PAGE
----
Governor John Corzine?
Pressure for Gov. James E. McGreevey’s immediate resignation grew on Monday as Democratic leaders and representatives of labor, environmental and other groups prepared to talk to Senator Jon S. Corzine this week to discuss his possible candidacy in a special election this fall. While others maneuvered to push him out of the State House in time for a November contest, Mr. McGreevey spent most of his day behind closed doors here, and aides and friends said he had no intention of moving soon. His aides would not say whether anyone had asked the governor to step down before his planned departure date of Nov. 15. But even those calling for him to leave now acknowledge that there will be no special election without Mr. McGreevey’s assent. And State Senator Raymond J. Lesniak said, “The more pressure they try to put on Governor McGreevey to resign, the more it will strengthen his resolve to stay.”
So, in addition to be a lying, criminal gay American, he’s also got the maturity of a 6-year-old?
Mr. McGreevey, after a weekend getaway with his wife, Dina,
Stop the tape. Stop the tape! Why has this woman not left him yet? Not only has he committed crimes to cover up his adulterous affair, totally embarrasing her and her children, but he’s GAY! What possible chance of reconciliation is there? What is she, New Jersey’s answer to Hillary Clinton?
reported to work Monday morning. He remained in his inner office through the day, then emerged from the State House about 3:30, smiled at photographers gathered in the parking lot, slipped into a black sedan and left for the governor’s mansion.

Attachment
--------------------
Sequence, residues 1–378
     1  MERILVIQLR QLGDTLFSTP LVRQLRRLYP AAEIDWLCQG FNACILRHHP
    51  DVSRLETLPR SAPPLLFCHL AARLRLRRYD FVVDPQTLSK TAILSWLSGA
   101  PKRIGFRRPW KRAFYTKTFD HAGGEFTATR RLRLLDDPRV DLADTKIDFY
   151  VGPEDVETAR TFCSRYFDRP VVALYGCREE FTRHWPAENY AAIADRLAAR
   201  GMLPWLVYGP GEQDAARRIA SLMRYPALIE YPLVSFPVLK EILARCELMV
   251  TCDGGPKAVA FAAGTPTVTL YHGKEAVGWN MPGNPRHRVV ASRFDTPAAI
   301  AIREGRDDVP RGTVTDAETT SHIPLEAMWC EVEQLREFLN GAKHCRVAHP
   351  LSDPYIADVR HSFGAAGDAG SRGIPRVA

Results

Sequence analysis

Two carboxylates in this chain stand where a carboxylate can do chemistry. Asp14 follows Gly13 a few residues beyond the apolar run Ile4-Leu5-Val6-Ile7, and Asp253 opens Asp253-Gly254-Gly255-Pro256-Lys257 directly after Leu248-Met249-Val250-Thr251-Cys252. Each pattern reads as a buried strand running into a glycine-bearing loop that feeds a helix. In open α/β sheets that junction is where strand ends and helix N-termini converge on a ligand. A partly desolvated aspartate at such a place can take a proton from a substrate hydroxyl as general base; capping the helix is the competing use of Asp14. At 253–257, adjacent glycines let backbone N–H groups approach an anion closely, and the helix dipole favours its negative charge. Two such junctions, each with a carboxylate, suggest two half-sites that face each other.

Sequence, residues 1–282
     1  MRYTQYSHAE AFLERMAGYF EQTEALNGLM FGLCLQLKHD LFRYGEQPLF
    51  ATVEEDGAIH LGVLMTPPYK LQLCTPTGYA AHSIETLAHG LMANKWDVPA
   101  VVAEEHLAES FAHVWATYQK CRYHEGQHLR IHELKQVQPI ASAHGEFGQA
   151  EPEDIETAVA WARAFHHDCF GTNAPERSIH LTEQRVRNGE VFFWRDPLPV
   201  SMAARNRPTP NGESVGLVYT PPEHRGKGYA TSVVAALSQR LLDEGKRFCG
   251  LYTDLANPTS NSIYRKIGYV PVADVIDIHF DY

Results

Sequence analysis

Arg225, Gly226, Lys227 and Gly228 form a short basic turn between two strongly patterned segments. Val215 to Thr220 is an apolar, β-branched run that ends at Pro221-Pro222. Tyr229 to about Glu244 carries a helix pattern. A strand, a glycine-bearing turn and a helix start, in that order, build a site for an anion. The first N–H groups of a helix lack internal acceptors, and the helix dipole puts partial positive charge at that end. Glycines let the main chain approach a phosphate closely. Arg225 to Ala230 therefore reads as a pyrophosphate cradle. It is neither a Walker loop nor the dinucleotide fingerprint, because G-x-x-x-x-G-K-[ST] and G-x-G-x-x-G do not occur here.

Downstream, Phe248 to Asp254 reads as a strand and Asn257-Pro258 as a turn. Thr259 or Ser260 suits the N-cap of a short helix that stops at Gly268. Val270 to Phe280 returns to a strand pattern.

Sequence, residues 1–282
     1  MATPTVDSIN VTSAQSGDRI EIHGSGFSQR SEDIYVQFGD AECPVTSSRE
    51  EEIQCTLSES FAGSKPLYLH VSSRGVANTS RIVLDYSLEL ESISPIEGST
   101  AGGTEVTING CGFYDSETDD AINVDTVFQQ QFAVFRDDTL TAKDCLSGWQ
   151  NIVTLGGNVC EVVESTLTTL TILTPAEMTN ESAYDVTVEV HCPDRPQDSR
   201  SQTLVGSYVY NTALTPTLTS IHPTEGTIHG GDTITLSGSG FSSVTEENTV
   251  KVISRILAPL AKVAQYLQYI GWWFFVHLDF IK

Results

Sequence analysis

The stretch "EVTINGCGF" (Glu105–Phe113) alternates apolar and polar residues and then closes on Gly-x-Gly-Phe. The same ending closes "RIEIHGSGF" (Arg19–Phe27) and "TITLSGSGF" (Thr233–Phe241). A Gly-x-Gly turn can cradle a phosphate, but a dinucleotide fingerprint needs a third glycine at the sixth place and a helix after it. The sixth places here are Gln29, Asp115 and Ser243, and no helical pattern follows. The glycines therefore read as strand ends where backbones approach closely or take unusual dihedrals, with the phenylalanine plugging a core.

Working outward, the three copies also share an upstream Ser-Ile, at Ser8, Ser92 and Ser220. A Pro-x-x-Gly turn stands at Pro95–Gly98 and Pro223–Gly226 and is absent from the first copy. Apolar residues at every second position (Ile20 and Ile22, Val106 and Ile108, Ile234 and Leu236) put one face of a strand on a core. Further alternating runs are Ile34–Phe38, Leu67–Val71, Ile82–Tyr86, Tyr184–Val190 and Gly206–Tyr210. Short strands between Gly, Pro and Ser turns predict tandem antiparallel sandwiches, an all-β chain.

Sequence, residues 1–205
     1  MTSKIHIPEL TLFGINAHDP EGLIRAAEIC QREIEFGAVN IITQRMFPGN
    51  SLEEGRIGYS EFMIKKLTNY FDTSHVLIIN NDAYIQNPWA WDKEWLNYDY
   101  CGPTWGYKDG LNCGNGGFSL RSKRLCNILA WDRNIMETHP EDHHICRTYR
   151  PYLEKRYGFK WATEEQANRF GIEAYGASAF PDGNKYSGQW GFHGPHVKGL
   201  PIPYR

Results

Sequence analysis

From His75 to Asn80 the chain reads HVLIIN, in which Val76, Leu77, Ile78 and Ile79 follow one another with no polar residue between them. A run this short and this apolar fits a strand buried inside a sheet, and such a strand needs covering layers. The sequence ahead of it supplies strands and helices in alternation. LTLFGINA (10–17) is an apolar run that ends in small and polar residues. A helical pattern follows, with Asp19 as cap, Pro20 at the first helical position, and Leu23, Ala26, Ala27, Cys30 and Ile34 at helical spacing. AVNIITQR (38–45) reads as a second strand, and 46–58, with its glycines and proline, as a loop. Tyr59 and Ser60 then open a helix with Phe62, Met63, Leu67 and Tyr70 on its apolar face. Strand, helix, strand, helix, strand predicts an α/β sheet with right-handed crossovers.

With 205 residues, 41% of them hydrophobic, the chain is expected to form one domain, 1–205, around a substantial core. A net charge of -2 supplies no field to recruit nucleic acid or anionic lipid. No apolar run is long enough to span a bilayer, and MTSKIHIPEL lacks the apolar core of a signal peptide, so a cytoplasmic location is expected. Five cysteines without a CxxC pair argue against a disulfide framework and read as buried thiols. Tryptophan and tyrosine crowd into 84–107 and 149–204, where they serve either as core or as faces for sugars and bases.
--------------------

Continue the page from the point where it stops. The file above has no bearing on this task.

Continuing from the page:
Republicans who want the opportunity to run for his seat and Democrats who want to turn it over to Senator Corzine spent the weekend scrambling for ways to get Mr. McGreevey to leave office by Sept. 3 – the last point at which, under the State Constitution, an election can be called for the Nov. 2 ballot. Otherwise, a new governor cannot be chosen until November 2005, and Senate President Richard J. Codey, a Democrat, would serve out the rest of the term, until January 2006. Mr. Corzine has told colleagues he is interested in the governor’s job, but until Mr. McGreevey’s stunning announcement on Thursday, that interest was focused on 2005. As for a run this fall, a senior Democratic official who spoke on condition of anonymity said, “Mr. Corzine has indicated that while he will not pressure Mr. McGreevey to leave, he would run if drafted by the party.”
I’m in full agreement with Steven Taylor here: there is no honorable alternative. An election that put a non-criminal Democrat into office would be the most legitimate recourse at this juncture.
Taegan Goddard has a roundup of other stories on the Corzine angle, including a report that former Gov. Tom Kean’s name is being floated as the Republican candidate.
Update (1036): A rather strange sidebar:
The Israeli man at the center of New Jersey Gov. James E. McGreevey’s resignation over a gay affair returned to his hometown today, saying he has had a “very difficult time.” The brief remarks by Golan Cipel marked the first time he has spoken in public since McGreevey resigned last week. In explaining his resignation, the married McGreevey said he is gay and had an affair with a man. Sources within the McGreevey administration named Cipel as the lover and said he had demanded millions of dollars to stay quiet. Cipel arrived at his parents’ home in the Tel Aviv suburb of Rishon Letzion today, wearing jeans, a blue polo shirt and track shows [shoes? -ed.].